Corruption is present in today’s world more than we know, and sometimes, even more than we would like to admit. Many institutions fall victim to the greed of promises towards financial rewards, often not taking in consideration the long term fallout caused by the simplest acts of corruption.
In an attempt to create awareness for the present and future generations of Kosovo with an aim of minimizing corruption, UNDP and IPKO Foundation have come together in creating a fun event – Game Over, Corruption!. This event encouraged game enthusiasts and developers towards creating educational games with the aim of teaching players about the negative sides of corruption and how to minimize it. All lovers and developers of mobile games were invited to apply, with only their imagination being the limit to what kind of game they could come up with. Two winning teams were awarded the sum of 4,000 Euro each, to aid them in fully developing their games.
On the 23rd of December 2016, the ODA Theatre hosted more than 90 participants who were part of the audience and were there to see what the speakers and pitching teams had in store for them. Game Over, Corruption!’s agenda was comprised of 3 speaker sessions, each presenting their idea and motivation behind their love for games, together with an inspiring message towards anti-corruption efforts!
Agnesa Belegu was the first speaker, who kicked off the event with an inspiring talk about her childhood friends – games! She went on to explain that, as a girl, she faced a lot of de-motivation when pursuing her career in gaming design and development. She encouraged the audience to keep following their dreams and motivation in the field of games, because an individual can learn many things from them. Besides posing as a great time consumer, games for Agnesa were a great source if mental and spiritual growth. In her perspective, corruption was a plague that needed rooting out, and it is up to us to do so. It is up to the game developers of tomorrow to take on the responsibility of educating the growing minds of the future, and helping them by creating a version of reality that teaches them about an ideal, corruption-free system.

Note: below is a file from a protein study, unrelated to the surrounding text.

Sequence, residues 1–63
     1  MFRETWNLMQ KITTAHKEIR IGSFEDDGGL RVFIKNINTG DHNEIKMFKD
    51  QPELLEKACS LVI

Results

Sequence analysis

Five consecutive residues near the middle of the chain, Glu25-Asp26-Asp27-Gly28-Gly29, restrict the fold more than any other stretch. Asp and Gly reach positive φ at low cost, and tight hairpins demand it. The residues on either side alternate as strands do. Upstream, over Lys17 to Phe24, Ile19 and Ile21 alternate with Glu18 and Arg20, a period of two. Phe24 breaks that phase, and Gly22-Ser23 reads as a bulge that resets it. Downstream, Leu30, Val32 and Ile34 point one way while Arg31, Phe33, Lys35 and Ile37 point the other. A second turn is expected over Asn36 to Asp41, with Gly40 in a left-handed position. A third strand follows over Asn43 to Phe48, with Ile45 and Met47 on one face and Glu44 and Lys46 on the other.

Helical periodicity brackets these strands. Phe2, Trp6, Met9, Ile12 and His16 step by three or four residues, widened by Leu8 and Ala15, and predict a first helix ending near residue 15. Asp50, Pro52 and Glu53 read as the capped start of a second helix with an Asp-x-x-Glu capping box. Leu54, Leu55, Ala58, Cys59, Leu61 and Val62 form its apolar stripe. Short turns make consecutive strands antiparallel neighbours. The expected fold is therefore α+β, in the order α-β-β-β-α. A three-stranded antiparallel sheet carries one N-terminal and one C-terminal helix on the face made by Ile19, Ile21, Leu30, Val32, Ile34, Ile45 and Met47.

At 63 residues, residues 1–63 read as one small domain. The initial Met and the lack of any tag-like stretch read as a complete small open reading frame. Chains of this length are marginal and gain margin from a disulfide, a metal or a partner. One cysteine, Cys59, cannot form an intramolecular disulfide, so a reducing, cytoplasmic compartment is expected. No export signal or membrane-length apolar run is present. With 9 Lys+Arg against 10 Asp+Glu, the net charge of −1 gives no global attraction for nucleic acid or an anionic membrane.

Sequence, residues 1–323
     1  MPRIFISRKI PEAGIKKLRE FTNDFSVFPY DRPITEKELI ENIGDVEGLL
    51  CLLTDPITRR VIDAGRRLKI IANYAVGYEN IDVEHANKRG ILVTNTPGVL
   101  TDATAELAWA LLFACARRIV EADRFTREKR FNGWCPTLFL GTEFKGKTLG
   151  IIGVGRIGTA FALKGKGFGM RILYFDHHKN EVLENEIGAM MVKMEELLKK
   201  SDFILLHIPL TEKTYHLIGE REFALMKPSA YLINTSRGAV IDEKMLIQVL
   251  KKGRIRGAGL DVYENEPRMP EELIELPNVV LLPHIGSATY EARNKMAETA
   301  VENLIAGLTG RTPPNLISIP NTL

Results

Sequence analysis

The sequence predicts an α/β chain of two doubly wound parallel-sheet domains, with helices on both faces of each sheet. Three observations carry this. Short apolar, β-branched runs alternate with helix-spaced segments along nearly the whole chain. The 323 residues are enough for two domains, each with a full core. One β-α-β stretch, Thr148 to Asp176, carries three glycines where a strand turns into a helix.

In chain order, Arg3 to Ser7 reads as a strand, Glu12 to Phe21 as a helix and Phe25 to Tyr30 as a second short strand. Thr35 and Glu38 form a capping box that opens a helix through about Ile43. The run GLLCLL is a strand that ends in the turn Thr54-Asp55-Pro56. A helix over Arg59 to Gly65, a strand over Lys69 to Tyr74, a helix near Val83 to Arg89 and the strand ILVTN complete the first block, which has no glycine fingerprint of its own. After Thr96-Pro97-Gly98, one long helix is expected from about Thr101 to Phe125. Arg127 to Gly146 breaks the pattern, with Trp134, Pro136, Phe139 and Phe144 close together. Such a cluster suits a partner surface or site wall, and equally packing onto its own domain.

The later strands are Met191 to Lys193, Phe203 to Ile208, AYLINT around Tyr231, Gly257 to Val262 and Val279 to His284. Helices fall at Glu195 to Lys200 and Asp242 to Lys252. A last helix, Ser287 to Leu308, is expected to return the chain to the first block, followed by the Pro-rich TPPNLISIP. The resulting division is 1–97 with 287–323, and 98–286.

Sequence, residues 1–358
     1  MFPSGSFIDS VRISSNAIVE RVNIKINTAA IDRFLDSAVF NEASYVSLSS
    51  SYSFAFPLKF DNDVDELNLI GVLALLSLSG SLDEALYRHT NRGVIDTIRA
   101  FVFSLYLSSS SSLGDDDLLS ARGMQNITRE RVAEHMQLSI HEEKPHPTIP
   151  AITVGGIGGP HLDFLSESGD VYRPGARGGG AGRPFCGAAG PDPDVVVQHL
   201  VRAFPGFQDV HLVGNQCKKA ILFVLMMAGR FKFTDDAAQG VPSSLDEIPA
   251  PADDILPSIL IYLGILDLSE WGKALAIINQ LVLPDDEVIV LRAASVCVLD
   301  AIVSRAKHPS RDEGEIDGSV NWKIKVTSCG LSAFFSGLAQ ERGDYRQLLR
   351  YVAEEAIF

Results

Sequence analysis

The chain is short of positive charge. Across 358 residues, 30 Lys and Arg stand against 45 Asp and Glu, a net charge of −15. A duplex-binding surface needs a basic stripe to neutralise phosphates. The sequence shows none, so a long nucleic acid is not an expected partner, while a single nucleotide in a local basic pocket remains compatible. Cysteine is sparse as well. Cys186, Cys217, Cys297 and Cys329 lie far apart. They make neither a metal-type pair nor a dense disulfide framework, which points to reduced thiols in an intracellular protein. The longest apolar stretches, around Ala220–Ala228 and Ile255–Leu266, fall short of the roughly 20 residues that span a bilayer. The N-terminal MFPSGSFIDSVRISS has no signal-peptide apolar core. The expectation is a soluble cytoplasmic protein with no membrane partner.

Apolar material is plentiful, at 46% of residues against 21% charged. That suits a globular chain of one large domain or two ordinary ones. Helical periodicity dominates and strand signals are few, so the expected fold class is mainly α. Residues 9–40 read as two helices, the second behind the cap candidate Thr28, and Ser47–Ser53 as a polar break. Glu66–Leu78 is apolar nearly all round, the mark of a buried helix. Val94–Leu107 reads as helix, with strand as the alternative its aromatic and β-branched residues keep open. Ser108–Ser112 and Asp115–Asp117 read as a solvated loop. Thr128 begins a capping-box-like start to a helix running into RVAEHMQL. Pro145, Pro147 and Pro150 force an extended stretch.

Agon Avdimetaj from Zombie Soup was the following speaker, who shared his takes on gaming and education. In Agon’s opinion, people who might lack academically in certain areas of education often times show great positive advancements when it comes to learning through games.
According to Agon, Games have the ability to help convey an honest opinion against corruption, and the future of gaming lies in VR – Virtual Reality. Many companies have been investing in the VR department, and in the future games will be based on VR much more than they are today. This will be a great opportunity for the developers of the future to create VR games and provide a mind-blowing reality, all the time educating the audience against corruption.
The final speaker, Fjona Cakalli, was by no means a princess like her online names might make you think. She named herself a “princess” in the online world with the sole purpose of provoking the community into discussion, and at the same time proving that as a princess she didn’t need saving – she was her own savior. Fjona also presented her experiences in video-logging about games, and how she used those experiences to become a journalist in itally.
After the speaker presentations, 7 of the teams who made it to the final round and to the pitching event were asked to pitch their idea and motivation behind their game in front of the judging panel, consisting of the previously mentioned speakers, Vigan Hoxha from UNDP Kosovo and Sandro Bicci (Video Games Publishing Editor)
The presenting team names were: Scope, Illustrarium, Detectives Legion, Rogue Three, DevBro’s, Shefat, and ZeroC, all gave the judging panel a hard with amazing game concepts and game presentations.
After a short meeting, the decision was made and ZeroC and Rogue Three were selected as the winners of the competition, awarding them 4,000 Euro each with the aim of helping them to financially develop their game and come up with a final product.
This project was a part of UNDP’s Support to Anti-Corruption Efforts (SAEK) project in cooperation with IPKO Foundation, and was funded by Swiss Agency for Development and Cooperation (SDC) and the Danish Development Agency (DANIDA).